Have you ever received a Facebook notification reminding nudging you to wish Happy Birthday to a deceased friend? It’s an odd experience, almost as if the internet is nudging you to hang out with an old friend. It’s almost, because any interaction is strictly one way.
What if interaction could feel like its two way, and you almost feel like you could see the one you lost?
The below video tells the story of one guys experience playing a computer game against his dead Dads previous best, and at the same time, giving what could be the best reason to play computer games.
The voice over is pulled directly from a YouTube comment that was under a video called, “Can Video Games Be a Spiritual Experience?” Could the above be described as a spiritual experience?
I sometimes wonder what technology would look like in 20 – 30 years time. If people can have experiences like the above with what would now be consider old technology, what does the future hold?
In fact, is (what we might consider) a future technology already happening?
I read a theory a few months ago, that you could argue that human beings are separated into two separate states. One is our physical bodies. The other is our identities, or our souls.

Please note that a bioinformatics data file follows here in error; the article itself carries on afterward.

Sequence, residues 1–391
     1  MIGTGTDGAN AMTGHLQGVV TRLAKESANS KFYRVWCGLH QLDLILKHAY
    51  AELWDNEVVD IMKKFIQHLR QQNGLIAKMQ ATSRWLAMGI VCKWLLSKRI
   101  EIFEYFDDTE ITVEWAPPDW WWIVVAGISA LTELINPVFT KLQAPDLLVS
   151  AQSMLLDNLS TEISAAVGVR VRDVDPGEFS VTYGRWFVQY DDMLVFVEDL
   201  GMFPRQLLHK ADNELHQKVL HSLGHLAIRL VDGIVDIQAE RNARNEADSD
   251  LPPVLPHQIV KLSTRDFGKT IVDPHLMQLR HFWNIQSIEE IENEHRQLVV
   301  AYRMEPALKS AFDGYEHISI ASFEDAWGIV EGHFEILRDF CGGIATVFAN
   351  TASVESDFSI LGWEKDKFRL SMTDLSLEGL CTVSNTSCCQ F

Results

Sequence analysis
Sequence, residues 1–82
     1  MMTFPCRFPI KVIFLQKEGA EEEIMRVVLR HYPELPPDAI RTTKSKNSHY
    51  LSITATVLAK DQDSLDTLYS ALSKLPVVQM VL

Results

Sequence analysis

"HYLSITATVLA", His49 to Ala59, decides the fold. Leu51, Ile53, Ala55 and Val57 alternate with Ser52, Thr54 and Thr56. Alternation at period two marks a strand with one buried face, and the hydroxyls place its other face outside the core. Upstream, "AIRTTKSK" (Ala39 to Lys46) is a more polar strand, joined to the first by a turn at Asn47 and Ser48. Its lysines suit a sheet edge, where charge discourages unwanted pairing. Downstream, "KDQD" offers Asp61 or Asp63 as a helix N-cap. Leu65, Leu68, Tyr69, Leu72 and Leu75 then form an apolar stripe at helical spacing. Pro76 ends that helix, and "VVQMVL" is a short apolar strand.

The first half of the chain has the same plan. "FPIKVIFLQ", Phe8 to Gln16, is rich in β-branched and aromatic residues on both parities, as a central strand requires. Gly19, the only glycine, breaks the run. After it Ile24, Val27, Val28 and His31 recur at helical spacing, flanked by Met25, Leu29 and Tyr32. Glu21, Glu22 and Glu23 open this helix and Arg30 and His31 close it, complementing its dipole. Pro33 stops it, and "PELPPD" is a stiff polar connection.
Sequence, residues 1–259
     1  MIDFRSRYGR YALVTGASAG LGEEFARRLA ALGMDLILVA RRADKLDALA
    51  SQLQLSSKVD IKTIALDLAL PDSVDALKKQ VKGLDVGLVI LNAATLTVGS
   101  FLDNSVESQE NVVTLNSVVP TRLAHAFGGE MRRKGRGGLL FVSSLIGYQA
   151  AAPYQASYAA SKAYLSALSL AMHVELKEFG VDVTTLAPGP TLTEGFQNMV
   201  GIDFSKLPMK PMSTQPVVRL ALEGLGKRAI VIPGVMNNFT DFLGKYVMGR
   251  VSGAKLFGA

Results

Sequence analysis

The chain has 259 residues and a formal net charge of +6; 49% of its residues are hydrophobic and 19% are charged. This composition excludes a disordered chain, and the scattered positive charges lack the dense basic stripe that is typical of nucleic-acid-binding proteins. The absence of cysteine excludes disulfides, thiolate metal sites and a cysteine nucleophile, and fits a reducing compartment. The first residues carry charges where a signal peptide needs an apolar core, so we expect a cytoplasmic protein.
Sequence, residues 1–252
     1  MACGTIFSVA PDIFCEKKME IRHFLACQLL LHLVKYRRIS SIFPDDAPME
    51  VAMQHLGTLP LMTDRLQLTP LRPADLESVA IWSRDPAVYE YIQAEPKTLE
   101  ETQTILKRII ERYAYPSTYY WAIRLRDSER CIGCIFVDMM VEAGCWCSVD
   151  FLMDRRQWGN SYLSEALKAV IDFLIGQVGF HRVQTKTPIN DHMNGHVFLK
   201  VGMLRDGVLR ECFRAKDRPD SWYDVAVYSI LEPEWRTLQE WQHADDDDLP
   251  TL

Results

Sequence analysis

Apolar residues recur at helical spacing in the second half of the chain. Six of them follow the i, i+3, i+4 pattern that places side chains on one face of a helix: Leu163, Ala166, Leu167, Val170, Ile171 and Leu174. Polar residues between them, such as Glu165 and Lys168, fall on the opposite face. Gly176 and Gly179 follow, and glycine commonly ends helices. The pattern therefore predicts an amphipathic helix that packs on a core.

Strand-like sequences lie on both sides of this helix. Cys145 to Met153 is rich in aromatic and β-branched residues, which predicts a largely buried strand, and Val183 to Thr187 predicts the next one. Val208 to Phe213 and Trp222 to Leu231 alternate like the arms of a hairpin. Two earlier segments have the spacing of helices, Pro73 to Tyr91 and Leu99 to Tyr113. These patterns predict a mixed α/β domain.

Most (if not all) religions have a concept of an afterlife. A place where the soul lives on, but what if our earthly identity could be captured?
Eternime is one example of a company with plans to help your digital identity live on. They plan to combine everything you put on social media, photos from smart phone, email, and so on – the aim being to create a digital version of yourself, that will be accessible after you die.
According to the BBC website:
“Depending on the facts it has collected, the avatar will be able to offer anything from basic biographical data to being an engaging conversational partner,” says Marius Ursache, Eternime’s founder.
It is set to launch next year, and according to Eternime, more than 37,000 people have already signed up for the service.
I don’t know about you, but I’m not sure how I feel about this.
On one hand, I’m not going to be around for ever. Could there be some comfort in having a “digital dad” available online after I’m gone? But what if the service fails? Wouldn’t that be some sort of “second death”?
Doesn’t the idea of a “second death” sound creepy?
Does the whole thing sound a little creepy? People I’ve spoken to have commented on how weird it sounds. Is weird, because it sounds unnatural? And is it so unnatural, that we’re in danger of not just playing God, but going full blown Black Mirror?
One last thought. If parents are meant to set an example to their children, how are we meant to set an example about something like this?